Edward Snowden before the EU Parliment

Dilma Rousseff, President of Brazil, has been talking with Germany about a direct fiber optic cable between the two countries. For Latin America this would be a great thing because virtually all traffic currently is routed through the US. This would offer faster Internet connectivity between the EU and Latin America and would likely drive the expansion of connections in the region near Brazil.

That's the technical good stuff but her main driving reason is to create a NSA-free communications channel. Why is this an issue? Edward Snowden helps us understand it. He just appeared before the EU parliment to talk about the issues. It is available as a PDF from the europa.eu web site.

Note that he does not disclose any new revelations saying he leaves that to the press but addresses specific questions.

I feel one of his most important points is that this we can collect everything on everyone mentality leads investigators to ignore useful information and good investigative techniques while costing everyone much -- both financially and in loss of privacy. Here is one example from his testimony.

Nor did the US government's comprehensive monitoring of Americans at home stop the Boston Bombers. Despite the Russians specifically warning us about Tamerlan Tsarnaev, the FBI couldn't do more than a cursory investigation although they did plenty of worthless computer based searching and failed to discover the plot. 264 people were injured, and 3 died. The resources that could have paid for a real investigation had been spent on monitoring the call records of everyone in America.

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The Washington Post growing balls?

Maybe people/the MSM are starting to see a problem. An article titled Snowden: I raised NSA concerns internally over 10 times before going rogue was a surprise to me.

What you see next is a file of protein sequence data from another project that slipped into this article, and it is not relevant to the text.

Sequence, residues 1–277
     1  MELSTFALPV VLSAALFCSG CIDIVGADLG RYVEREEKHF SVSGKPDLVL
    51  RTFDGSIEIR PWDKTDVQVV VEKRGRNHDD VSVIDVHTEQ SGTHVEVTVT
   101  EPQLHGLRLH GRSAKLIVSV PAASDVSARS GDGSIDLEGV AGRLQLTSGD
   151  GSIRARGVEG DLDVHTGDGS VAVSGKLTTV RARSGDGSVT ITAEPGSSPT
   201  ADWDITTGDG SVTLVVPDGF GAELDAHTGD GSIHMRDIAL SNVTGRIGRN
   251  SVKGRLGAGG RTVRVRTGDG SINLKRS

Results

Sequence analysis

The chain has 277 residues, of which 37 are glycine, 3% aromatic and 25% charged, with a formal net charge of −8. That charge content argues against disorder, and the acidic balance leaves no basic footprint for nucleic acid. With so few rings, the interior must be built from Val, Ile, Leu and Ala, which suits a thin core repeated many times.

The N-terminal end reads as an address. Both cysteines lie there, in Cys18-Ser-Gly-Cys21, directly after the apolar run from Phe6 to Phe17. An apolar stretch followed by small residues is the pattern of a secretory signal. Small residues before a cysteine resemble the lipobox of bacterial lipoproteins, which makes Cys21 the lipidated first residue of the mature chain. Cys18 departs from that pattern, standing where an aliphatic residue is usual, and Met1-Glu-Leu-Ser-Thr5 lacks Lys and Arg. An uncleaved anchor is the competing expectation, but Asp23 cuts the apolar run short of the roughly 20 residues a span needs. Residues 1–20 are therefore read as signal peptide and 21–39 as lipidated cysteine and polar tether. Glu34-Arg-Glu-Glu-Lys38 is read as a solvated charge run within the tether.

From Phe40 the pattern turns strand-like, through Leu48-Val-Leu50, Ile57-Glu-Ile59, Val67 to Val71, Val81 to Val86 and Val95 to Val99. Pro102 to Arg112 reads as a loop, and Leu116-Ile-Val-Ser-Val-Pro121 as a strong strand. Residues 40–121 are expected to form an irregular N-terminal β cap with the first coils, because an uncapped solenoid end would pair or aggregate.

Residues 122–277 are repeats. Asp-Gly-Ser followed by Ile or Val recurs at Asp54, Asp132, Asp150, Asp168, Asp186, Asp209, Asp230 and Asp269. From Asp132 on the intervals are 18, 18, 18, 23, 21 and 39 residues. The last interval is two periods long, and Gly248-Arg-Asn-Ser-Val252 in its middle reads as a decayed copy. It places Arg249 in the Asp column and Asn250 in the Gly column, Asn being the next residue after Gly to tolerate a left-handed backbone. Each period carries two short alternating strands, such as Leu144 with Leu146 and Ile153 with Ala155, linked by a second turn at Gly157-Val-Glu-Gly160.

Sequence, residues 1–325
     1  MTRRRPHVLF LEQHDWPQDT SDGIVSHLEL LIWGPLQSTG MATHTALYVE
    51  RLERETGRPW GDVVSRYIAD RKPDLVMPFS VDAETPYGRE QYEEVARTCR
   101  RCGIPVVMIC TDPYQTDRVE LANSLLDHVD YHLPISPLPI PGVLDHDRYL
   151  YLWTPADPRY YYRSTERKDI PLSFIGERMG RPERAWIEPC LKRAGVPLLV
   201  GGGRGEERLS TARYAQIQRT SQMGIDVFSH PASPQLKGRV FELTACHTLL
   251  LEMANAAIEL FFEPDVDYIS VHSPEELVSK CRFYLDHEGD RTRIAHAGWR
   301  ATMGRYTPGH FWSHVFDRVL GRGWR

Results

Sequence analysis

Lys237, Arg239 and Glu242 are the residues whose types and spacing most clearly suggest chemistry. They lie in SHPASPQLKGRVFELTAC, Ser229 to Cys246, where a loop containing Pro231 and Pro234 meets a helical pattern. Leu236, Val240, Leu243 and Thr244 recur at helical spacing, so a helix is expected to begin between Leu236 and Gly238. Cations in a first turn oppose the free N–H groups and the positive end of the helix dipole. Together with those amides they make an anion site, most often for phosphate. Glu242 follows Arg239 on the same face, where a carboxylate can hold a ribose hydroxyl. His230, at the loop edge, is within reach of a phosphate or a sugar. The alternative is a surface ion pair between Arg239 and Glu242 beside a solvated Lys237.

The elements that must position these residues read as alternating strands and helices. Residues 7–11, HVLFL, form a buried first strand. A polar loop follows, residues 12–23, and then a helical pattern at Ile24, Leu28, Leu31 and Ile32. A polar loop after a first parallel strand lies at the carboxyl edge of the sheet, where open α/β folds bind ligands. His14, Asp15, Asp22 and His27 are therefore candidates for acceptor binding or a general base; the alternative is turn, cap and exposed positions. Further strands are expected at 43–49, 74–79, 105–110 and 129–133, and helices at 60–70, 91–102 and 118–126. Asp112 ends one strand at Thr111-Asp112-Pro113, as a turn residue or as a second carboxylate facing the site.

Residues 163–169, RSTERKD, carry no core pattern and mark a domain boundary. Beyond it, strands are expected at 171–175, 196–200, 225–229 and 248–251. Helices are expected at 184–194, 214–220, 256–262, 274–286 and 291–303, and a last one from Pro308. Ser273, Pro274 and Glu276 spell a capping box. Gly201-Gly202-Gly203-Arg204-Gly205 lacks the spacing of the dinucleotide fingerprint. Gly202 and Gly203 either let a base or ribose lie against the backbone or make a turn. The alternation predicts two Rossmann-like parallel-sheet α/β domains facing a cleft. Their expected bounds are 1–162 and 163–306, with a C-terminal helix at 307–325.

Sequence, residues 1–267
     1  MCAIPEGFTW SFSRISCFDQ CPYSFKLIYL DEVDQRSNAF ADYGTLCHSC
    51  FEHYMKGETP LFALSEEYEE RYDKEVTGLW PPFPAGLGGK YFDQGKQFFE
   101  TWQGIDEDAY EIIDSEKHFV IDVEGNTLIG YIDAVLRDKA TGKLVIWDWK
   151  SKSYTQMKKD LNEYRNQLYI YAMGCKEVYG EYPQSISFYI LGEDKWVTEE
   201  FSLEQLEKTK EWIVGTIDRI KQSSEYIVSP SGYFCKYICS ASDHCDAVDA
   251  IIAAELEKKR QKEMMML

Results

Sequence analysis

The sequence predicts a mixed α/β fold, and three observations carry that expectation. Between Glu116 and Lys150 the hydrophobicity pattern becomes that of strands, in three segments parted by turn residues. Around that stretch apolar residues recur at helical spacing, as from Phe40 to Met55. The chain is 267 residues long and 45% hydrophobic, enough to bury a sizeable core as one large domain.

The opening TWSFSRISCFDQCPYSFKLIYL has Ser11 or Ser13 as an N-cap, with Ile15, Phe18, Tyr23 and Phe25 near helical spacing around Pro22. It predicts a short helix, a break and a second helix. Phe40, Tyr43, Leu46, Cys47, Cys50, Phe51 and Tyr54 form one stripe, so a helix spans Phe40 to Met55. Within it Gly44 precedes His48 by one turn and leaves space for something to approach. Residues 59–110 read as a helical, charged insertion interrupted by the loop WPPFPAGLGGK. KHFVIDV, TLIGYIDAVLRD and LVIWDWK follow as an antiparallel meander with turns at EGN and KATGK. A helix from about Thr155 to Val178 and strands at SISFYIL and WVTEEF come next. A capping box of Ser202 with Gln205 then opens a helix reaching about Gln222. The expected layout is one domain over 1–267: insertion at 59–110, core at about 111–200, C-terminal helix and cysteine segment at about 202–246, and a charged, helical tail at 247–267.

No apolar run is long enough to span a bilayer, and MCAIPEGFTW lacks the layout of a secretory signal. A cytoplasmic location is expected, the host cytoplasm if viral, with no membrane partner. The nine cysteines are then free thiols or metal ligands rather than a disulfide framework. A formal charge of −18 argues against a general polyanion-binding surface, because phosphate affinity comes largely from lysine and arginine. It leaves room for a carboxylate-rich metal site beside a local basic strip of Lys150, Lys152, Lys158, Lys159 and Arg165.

No,, I Don't Like

Manning, Snowden, or Assange. They are all damaged goods. Manning got what he deserved; Assange is doing HIS time in a small room in the UK,, not technically a prison, true, but not much different; and the clock is ticking big-time for Snowden. He made a lot of powerful enemies -and not just in the US..

Treason can be defined as providing material aid and comfort to the enemy. By this definition Snowden is a traitor. I find his sponsorship by Putin ironic. I can imagine the disdain Putin has for Snowden, despite Snowden's propaganda value to the Russians.

CNN was the first to raise the possibility that the Air Malaysia incident was terrorism. The conclusion was logical, if inappropriate given the dearth of the immediate information. The reliability of the aircraft, the lack of a distress signal, and the safety record of Air Malaysia leads one to that belief. An aircraft doesn't fall from the sky,, they are designed to fly. They want to fly. That is demonstrated in one of the first (and gut wrenching) flight lessons a new pilot gets.

Anything is possible, of course.

Tibetan sympathizers could have done it.

They're a mean lot and often have connections to the CIA and the military.

The American people shouldn't be the enemy of the US government and the military. Theoretically, you guys were working for us.

I think you're referring to dealing with a stall and why increased air speed attained by point the plane down is better than breaking the lift with a tail stand.

Lockheed Electras did a good job of falling out of the sky though some (at least one) was helped by a bomb.

Rebecca Brown

That Is Apparently

what happened to the Air France flight 447. But, these weren't flight students putting the plane into a stall for the fun ?? of it.

02:10:07 (Robert) D'accord. ----This line is provided as a time reference. Okay.

Perhaps spooked by everything that has unfolded over the past few minutes—the turbulence, the strange electrical phenomena, his colleague's failure to route around the potentially dangerous storm—Bonin reacts irrationally. He pulls back on the side stick to put the airplane into a steep climb, despite having recently discussed the fact that the plane could not safely ascend due to the unusually high external temperature.

Almost as soon as Bonin pulls up into a climb, the plane's computer reacts. A warning chime alerts the cockpit to the fact that they are leaving their programmed altitude. Then the stall warning sounds. This is a synthesized human voice that repeatedly calls out, "Stall!" in English, followed by a loud and intentionally annoying sound called a "cricket." A stall is a potentially dangerous situation that can result from flying too slowly. At a critical speed, a wing suddenly becomes much less effective at generating lift, and a plane can plunge precipitously. All pilots are trained to push the controls forward when they're at risk of a stall so the plane will dive and gain speed.